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washington needs to resolve this fiscal cliff issue if they don't want consumers to stop their spending ways. >> let me start with what's going on in washington. we've got this negotiation for the fiscal cliff. if we go over the fiscal cliff, what is the impact to your business? >> well, there would be an impact on consumption, for sure. so when it comes to puma or mainstream brands in america in sports, there will be a for sure some consequences in terms of consumption. but i see that as an investment for the future. so it might be a little bit different from some of other ceos. we have to get over the fiscal cliff. let's not delay the thing. it needs efforts. let's make them short for a better future. i think we should be ready as a corporation, being ready for maybe a year of difficult market, difficult situation in the market because that is a ceiling on our growth in terms of economical growth as to be released. it's really me an investment for the future. >> you're seeing a similar situation in france where we're talking about the possibility of capital gains taxes and dividend taxes g
'll turn now to the fiscal cliff, 30 days from an economy-crippling deadline. where everyone's taxes go up and massive spending cuts kick in. yet, talks seem to be going nowhere. treasury secretary timothy geithner will be the guest on "this week" with george stephanopoulos. george is with us now. good morning, george. >> last weekend, you sat right here and you said that you were reasonably optimistic that a deal could be afoot. in the intervening week, we have seen a lot of trash-talking from both sides, can we still be somewhat hopeful? >> this week was a rough week in these negotiations. treasury secretary geithner when he went up to capitol hill, on thursday, the senate republican leader mitch mcconnell laughed when he got the offer from tim geithner. they think it's an offer that doesn't show any rules towards compromise. house speaker john boehner said that the talks are at a stalemate. there seems to be a huge divide. democrats said they're not going to make another move until republicans clearly say they're going to go for an increase in tax rates. republicans aren't prepared to m
the state of kentucky. senator paul, welcome, as always. i want to ask you about the fiscal cliff, the state of play. there's revenues on the table. there's tax rate increases on the table. i don't know if there's spending on the table. what's your thinking prigt now? >> that it's a really, really bad idea to raise taxes. if you want your economy to grow, you should do the opposite. we have to cut taxes. that's how i'd fix the economy. leave more money in the private sector. the president is adamant about raising taxes and he's dead wrong. >> there are some people saying we need a deal to avoid a huge tax increase but year end that would throw us into recession. just a thought, would you compromise in terms of let's say a smaller tax rate increase -- let's say the top rate goes to 37% instead of 40%, maybe the threshold goads es to $500,000 $750,000 rather than $250,000? does that interest you? >> no. but what about means testing for entitlement. why don't we say the rich get less social security and they pay more for their medicare? it meets the president's animus that we must get more mone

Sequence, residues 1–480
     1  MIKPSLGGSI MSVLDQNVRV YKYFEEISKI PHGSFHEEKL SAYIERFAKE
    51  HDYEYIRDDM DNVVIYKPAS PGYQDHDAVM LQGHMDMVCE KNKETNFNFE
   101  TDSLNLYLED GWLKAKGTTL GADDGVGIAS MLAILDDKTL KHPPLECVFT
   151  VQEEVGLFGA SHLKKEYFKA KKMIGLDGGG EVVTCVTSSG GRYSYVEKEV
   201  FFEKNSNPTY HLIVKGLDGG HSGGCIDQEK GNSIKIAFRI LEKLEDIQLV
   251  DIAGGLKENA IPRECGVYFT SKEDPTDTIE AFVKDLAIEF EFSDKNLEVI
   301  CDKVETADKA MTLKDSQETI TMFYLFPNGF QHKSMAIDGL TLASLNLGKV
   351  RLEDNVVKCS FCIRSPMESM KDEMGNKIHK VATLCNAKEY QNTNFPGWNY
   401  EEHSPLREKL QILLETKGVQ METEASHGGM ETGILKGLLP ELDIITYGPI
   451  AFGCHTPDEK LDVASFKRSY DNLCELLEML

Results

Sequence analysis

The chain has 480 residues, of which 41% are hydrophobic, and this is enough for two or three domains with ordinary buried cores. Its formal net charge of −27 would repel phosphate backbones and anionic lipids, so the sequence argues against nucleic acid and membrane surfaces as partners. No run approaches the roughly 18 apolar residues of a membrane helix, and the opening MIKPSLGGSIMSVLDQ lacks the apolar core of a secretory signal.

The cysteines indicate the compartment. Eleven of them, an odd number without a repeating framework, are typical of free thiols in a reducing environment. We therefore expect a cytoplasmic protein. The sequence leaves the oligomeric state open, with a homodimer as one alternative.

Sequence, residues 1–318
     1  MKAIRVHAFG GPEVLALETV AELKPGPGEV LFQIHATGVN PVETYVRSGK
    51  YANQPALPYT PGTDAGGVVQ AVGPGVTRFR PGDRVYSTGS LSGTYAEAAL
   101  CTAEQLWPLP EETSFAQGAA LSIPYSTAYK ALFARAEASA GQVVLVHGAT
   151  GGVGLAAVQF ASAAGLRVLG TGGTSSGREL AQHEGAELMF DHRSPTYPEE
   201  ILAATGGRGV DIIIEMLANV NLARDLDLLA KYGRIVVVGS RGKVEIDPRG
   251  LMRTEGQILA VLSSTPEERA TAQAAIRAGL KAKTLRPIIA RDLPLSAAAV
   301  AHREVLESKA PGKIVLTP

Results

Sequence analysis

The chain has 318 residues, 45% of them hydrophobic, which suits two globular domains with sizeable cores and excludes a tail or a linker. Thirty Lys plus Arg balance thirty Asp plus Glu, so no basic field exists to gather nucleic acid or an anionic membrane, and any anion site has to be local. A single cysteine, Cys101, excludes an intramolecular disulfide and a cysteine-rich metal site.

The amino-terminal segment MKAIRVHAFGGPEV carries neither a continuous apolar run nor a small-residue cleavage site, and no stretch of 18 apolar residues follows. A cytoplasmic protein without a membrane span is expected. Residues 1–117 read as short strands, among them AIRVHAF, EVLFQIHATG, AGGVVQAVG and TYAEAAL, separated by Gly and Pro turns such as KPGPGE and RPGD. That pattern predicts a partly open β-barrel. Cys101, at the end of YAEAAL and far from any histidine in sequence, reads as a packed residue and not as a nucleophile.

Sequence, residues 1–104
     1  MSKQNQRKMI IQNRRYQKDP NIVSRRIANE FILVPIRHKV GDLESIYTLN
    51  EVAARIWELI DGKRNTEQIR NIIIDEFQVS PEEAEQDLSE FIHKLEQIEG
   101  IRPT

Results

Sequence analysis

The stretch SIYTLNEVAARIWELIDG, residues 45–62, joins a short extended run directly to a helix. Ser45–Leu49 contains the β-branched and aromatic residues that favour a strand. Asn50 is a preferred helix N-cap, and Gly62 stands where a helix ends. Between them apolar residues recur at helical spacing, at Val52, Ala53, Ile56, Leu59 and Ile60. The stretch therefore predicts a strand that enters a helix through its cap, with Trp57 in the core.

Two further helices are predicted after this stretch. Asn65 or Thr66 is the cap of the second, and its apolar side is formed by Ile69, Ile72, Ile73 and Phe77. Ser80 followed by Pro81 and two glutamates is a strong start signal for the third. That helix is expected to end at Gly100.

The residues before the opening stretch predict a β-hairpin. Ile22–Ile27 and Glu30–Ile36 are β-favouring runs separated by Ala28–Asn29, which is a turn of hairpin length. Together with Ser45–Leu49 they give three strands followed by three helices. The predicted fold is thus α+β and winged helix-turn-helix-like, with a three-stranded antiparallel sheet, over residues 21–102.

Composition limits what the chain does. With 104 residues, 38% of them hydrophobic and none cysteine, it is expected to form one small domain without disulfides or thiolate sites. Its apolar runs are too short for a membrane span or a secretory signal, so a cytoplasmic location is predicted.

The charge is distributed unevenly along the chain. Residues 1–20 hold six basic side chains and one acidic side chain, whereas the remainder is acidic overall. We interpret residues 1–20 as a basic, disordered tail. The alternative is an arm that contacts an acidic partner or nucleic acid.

hill as the fiscal cliff looms now just 32 days away. house speaker john boehner says no progress has been made in two weeks of talks, and republicans want the white house to come up with significant spending cuts. senate democratic leader harry reid responded to boehner saying, quote, i don't understand his brain, unquote. >>> when those talks over the fiscal cliff seem to be heading towards a stalemate but do the capitol hill theatrics tell the whole story? here's thousand politico summed it up, listen to top democrats and republicans talk on camera and it sounds like they could not be further apart. but behind the scenes top officials who have been involved in the talks for many months say the contours of the deal are starting to take shape. well, joining me are jason johnson a political professor, t and a republican strategist ron bonjene, ron, let's start with you, both sides know they'll have to make a deal. one congressman says to get it there has to look like this was fighting this way it's kind of like managing the public's expectati expectations, oh, we didn't give anything,
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